Saidou Guindo
Detention Warden
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About this Video

Country of Origin:
Mali
Interview Date:
October 16, 2008
Location:
Arusha, Tanzania
Interviewers:
Donald J Horowitz
Lisa P. Nathan
Videographers:
Max Andrews
Nell Carden Grey
Timestamp:
25:35 - 31:11

Transcript

0:00
Donald J Horowitz: I, I want to move on to something more personal. You have an e-, an extensive background in the s-, well, in social sciences to begin with, but also in penology or – you I’m sure have your own ideas about what, what’s right and what’s wrong and all of that. And I’m, I’m not going to ask you to be controversial. I . . .
0:24
DJH: But I am, I am interested in knowing if there’s something that you’re proud of that you have done here and that you’re doing here. I’d like to know what, what you’re proud of?
0:35
DJH: And then I’m going to ask you the other part of it, there, there’s something that you wish had been done better. I’m going to ask you about that too. This is your personal – you’re an authority, you could teach anywhere probably. And so you – listening to what you have to say here is an important thing for the future as we go forward.
0:55
I am proud after implementing the international standard trying on national level and I came here, I tried. I was working also on theoretical level in Haiti and Rwanda, but to be a manager of a detention, to implement, myself, as a pioneer, one of the pioneer with my team of, of implementation of the international standards, I’m very proud of it.
1:25
And then we usually receive a visit of International Red Cross, of the specialist in detention. As I told you, the American Correctional Association, the president and director (______) came here, visited. He was very proud; we received many personalities from the UN, the Secretary General and the Assistant Secretary General.
1:49
Many personnel, ambassadors – they came to visit the detention facility. And many specialists in penal, in the correctional, from correctional services also visited our detention facility. And all of them, all their appreciation, they are really positive and encouraging. I’m very proud of it because I can say that there was among the pioneer in the implementation of international standards from the UN, we are among the first group – my team and myself.
2:24
DJH: Okay.
2:25
This is something – that’s why I don’t want this thing to be a lose for the UN, because having this kind of, of experience of, for ten years, I think it’s something which we can also give chance to other correctional services to share it with them. That’s why I’m always invited by the American Correctional Association.
2:52
I went in France, I went in Germany and we now want to create the association of All African Correctional Association, okay? Head of Correctional Services and we share always our experience with them. They come here, we go there, we share, we have a meeting, yes.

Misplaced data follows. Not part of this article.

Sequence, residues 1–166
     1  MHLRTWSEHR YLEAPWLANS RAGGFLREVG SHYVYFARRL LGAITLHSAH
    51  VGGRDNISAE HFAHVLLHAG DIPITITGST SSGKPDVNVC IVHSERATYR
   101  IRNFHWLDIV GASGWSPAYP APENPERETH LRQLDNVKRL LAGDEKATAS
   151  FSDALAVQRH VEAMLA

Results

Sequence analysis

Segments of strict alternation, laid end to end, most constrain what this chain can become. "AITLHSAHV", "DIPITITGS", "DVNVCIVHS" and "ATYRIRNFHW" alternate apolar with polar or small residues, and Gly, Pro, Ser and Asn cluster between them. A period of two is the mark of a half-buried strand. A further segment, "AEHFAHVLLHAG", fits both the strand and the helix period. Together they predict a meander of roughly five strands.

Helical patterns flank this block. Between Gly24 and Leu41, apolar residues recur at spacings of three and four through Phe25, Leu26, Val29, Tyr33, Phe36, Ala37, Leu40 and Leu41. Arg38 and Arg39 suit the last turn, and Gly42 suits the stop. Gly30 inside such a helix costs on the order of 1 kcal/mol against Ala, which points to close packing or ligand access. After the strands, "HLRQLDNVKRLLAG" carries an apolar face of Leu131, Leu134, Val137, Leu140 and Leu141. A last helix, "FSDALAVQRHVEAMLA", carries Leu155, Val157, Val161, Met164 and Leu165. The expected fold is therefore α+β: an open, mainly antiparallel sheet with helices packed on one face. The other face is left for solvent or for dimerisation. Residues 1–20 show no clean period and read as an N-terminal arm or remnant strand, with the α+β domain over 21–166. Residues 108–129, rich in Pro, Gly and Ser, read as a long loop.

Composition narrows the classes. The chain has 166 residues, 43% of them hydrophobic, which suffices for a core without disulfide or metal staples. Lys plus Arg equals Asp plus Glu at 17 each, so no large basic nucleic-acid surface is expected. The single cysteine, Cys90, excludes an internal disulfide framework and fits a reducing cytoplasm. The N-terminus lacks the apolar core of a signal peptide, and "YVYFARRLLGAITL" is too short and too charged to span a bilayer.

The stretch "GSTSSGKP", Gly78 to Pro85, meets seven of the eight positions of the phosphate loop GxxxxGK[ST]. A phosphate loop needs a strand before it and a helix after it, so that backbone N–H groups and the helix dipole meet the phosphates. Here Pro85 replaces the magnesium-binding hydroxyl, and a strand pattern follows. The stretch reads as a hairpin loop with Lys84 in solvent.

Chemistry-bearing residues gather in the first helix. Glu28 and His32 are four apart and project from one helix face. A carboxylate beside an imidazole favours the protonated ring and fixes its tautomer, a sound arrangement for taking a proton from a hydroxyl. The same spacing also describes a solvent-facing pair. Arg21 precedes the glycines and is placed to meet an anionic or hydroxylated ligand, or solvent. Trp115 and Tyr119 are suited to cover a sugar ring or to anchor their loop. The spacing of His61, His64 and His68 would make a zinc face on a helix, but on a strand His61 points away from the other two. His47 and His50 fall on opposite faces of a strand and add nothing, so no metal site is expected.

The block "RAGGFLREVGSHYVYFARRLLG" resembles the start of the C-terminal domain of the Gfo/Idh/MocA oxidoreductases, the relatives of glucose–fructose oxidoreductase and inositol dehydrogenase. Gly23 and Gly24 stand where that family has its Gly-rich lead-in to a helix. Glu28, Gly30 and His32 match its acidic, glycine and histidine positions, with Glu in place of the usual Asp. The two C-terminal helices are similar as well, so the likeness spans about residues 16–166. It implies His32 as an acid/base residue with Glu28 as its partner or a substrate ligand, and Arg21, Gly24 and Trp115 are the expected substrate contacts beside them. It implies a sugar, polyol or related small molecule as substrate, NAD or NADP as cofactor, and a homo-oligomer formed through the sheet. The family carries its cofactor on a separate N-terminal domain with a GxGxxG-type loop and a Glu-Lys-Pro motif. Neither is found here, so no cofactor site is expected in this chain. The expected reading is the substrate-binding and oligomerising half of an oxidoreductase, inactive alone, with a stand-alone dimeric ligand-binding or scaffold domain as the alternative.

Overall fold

3:13
DJH: So I’m – what I’m hearing from you that’s particularly interesting is you’re not just thinking of other tribunals and their detention facilities and, and making sure that they’re good, but also that what your experience has been here and what you’ve been able to implement can be used by other countries . . .
3:30
Yes.
3:31
DJH: . . . a-, as standards regardless of the UN, et cetera.
3:33
Yes. This, this I think is the experience of what my people get here. That’s why even the other tribunals are now recruiting my, my staff.
3:43
DJH: Okay.
3:44
I have many of my staff in, at ICC, ICTY and Sierra Leone would like to take some of them. Even I think the other tribunals like Lebanon ad hoc tribunal, would like to recruit some of my staff. Yeah.
3:57
DJH: Okay. Okay.
3:59
I’m losing some of my staff because – but I’m proud because they were chosen to go there.
4:05
DJH: Of course you are, I understand that. But, and what if, if you had the opportunity to do it again or whatever, in other wor-, is there something that you’re disappointed with that you haven’t quite been able to do that you would like to do?
4:18
DJH: Or that, or that if you had the next time you would improve? Or if you had a wish that the UN had done something to help that, you know what I’m saying (_____).
4:28
Yes, you know, sometimes you work with people, they don’t understand really. They don’t have experience on penitentiary areas. It is not easy area, you know. Say if you work according to the standard, according to the rules, you can be perceived like someone who would like to, you know, to, (_____) to torture people.
4:54
Sometimes you can be perceived like someone who is giving too much as you say, compared like to Rwanda (_____). And sometimes it’s, it is discouraging. Even you don’t get too much support.
5:12
But now I think with the management of the tribunal, I’m having a lot of support from my, my, my supervisors. They are giving me a lot – not all of them but (______) supervisor are giving me a lot of support, yeah.
5:25
DJH: Okay.
5:27
To understand what we are doing, that is not easy (____), yeah.